Also known as the Eastern Timber wolf, this medium-sized species has a reddish-brown hue and is between the size of a coyote and a gray wolf. It typical hunts white-tailed deer, but occasionally hunts moose or beaver. Its numbers have depleted due to 400 years of hunting by humans, which have reduced available mates and forced Eastern wolves to breed with coyotes. The gene mixing among coyotes and gray wolves has weakened the gene of pure Eastern wolves in the U.S. And since these hybrids are too small in size, they don’t pose enough danger for moose and deer. In Algonquin Provincial Park (Canada) pure Eastern wolves are said to be year-round residents. Though here have been reports of coyote sightings in the area, experts say it’s uncommon, since wolves will kill off any trespasser, and it is difficult for coyotes to survive in completely forested areas.
Mexican Gray Wolf (Canis lupus baileyi)
Captive Mexican gray wolf. [Image: www.defendersblog.org]
Often called “el lobo”
(the wolf), this subspecies is one of the smallest, weighing 50 to 85 pounds; about the size of a German shepherd. Its long legs and sleek body allow it to run fast; add to that a superb sense of smell, hearing and vision. They usually hunt elk, mule deer, white-tailed deer, and javelina. They are clever at scavenging for dead elk, deer, cattle carcasses and hunter gut piles during hunting season. They prefer mountain forest, grasslands, and scrublands. Packs only consist of an adult alpha pair, a yearling or two, and pups from that breeding season. They exhibit social togetherness, for example, adults are patient with growing pups, feeding them meat brought back from kills. Once existing across central and southwestern U.S., el lobo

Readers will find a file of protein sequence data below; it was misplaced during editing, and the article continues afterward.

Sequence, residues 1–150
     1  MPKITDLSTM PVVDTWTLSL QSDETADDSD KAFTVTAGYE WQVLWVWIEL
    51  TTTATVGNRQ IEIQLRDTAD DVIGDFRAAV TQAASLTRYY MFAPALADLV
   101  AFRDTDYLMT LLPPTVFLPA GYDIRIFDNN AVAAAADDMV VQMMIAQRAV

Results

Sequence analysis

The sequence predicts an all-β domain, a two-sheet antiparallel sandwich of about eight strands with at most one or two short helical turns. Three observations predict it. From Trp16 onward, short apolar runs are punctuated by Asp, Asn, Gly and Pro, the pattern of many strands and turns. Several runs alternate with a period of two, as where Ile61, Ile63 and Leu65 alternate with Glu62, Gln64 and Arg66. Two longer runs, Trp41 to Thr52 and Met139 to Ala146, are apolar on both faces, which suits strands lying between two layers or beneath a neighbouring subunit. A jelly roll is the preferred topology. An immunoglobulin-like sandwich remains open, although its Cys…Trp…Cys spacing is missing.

was almost wiped out by the 1970s. Breeding them in captivity and reintroduction into Arizona in 1998 (Apache National Forest) has allowed their numbers rise. About 300 are in captivity and 83 in the wild. Mexican wolves
are also being reintroduced in Mexico.
Red Wolf (Canis rufus)
Known as the Texas red wolf or the Common red wolf, this species is unique to North America. Their social and predatory tactics are the same as gray wolves. Red wolves have slender and longer heads, coarser and shorter fur than the gray wolf. They are larger, more robust with longer legs and larger ears than the coyote. The red wolf measures 15 to 16 inches shoulder height, 55 to 65 inches in length (nose to end of tail), weighing from 40 to 90 pounds. Its fur is mostly brown with blended colors ranging from cinnamon red to almost black. Two other red wolf subspecies are considered extinct: the Florida Black wolf (Canis lupus floridanus) and Gregory’s wolf (Canis lupus gregoryi). The Red wolf was nearly wiped out by the mid-1900s due to predator control programs, habitat destruction and extreme hybridization with coyotes. They survived in small numbers along the Gulf Coast of western Louisiana and eastern Texas. Of these survivors 14 were taken to a zoo then released in later years into North Carolina’s Alligator River National Wildlife Refuge and later in the Great Smoky Mountains National Park.
To see where all these furry wolves live, download our Pocket Ranger® Guide for Fishing, Hunting and Wildlife Apps. And if you spot a cool wolf, share it on our social media sites, like our Pocket Ranger® or Trophy Case Instagram accounts.